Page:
Das Boot, directed by Wolfgang Petersen, is an extraordinary cinematic masterpiece that delves deep into the harrowing realities of submarine warfare during World War II. Based on the novel by Lothar-Günther Buchheim, this German epic captures the claustrophobic tension and psychological toll experienced by the crew of a German U-boat. With its impeccable performances, immersive storytelling, and stunning cinematography, Das Boot leaves an indelible mark on the viewer’s psyche. The film revolves around the fictional U-96 submarine and its crew as they embark on a perilous mission in the treacherous Atlantic Ocean. Led by the experienced but world-weary Captain (Jürgen Prochnow), the crew members face constant threats from depth charges, enemy warships, and the oppressive confines of their vessel. Through their eyes, we witness the physical and emotional toll of war, the strain on relationships, and the moral dilemmas that arise amidst the chaos of battle.

Das Boot excels in its portrayal of the gritty realism of submarine warfare. The intricate attention to detail in the set design, costumes, and sound design transports viewers into the cramped and suffocating interiors of the U-boat. The claustrophobia and constant danger are palpable, evoking a sense of unease and tension that builds throughout the film. The performances in Das Boot are nothing short of exceptional. Jürgen Prochnow delivers a powerful and nuanced portrayal of Captain Lehmann-Willenbrock, capturing the complex mix of authority, weariness, and determination that defines his character. The ensemble cast, including Herbert Grönemeyer, Klaus Wennemann, and Martin Semmelrogge, bring authenticity and depth to their roles, each showcasing the emotional toll of their circumstances with remarkable skill.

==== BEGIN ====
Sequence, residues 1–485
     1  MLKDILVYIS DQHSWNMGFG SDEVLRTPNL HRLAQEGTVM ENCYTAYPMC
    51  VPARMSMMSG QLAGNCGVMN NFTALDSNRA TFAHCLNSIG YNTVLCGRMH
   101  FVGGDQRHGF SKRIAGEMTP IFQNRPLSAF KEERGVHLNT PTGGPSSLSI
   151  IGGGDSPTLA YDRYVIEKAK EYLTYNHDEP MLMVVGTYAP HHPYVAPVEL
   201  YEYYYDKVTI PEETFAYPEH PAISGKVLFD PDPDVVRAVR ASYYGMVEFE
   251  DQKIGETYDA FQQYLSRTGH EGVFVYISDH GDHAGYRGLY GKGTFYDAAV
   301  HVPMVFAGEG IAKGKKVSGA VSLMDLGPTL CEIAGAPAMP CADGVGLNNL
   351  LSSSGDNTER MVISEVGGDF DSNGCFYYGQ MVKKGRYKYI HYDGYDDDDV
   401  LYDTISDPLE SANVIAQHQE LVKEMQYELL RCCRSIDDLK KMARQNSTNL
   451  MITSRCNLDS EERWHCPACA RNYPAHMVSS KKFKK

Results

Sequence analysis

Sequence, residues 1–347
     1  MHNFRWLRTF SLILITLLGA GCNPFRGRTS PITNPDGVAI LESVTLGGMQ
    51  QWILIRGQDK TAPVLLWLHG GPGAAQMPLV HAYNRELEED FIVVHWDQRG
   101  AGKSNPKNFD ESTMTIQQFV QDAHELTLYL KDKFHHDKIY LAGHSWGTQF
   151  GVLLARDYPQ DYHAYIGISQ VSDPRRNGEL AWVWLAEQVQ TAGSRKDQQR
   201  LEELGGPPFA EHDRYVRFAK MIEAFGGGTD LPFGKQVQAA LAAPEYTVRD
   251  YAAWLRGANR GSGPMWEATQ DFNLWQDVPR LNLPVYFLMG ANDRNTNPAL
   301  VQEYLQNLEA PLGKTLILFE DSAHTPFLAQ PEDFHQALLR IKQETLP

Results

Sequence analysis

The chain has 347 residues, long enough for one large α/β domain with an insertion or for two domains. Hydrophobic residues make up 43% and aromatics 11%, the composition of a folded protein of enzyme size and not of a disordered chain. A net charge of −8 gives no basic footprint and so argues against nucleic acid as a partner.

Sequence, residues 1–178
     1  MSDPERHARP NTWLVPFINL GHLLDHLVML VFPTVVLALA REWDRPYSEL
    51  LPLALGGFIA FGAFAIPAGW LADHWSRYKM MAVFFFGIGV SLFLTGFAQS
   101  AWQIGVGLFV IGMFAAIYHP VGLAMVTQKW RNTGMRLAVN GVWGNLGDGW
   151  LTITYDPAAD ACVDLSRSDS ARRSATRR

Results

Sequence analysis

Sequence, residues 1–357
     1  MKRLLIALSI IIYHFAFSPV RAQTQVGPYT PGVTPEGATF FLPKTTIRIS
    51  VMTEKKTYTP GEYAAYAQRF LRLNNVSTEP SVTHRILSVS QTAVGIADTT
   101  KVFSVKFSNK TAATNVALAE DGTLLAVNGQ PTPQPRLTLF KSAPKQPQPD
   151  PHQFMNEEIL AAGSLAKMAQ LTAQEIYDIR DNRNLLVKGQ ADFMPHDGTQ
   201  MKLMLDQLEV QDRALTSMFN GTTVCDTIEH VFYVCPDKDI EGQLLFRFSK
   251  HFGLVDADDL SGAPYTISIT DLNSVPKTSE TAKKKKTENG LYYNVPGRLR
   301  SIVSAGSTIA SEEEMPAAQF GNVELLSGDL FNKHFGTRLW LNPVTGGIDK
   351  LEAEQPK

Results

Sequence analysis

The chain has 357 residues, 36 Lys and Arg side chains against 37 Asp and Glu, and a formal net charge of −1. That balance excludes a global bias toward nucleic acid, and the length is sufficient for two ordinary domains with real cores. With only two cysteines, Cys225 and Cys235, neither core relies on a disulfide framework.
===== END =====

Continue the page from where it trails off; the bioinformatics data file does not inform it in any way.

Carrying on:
Petersen’s masterful direction creates a relentless sense of impending doom, balancing heart-pounding action sequences with quiet introspection. The use of low lighting and shadow play adds to the atmosphere, emphasizing the tense atmosphere and the psychological toll on the crew. The film’s pacing is deliberate, allowing viewers to absorb the emotional weight of the story and immerse themselves in the characters’ experiences. There is a great scene in the movie where two of the submariners are bored to death; still makes me laugh loudly when I rewatch the movie. The score, composed by Klaus Doldinger, perfectly complements the film’s themes, ranging from hauntingly beautiful melodies to heart-pounding rhythms. It heightens the emotional impact of each scene, underscoring the visceral nature of war and the sacrifices made by those involved.

Das Boot is not merely a war film; it is a profound exploration of the human spirit and the effects of war on individuals. It forces us to question the nature of loyalty, morality, and survival in the face of unimaginable adversity. By focusing on the experiences of the German crew, the film provides a unique perspective, fostering empathy and understanding beyond traditional narratives. Das Boot is a remarkable cinematic achievement that stands as one of the finest war films ever made.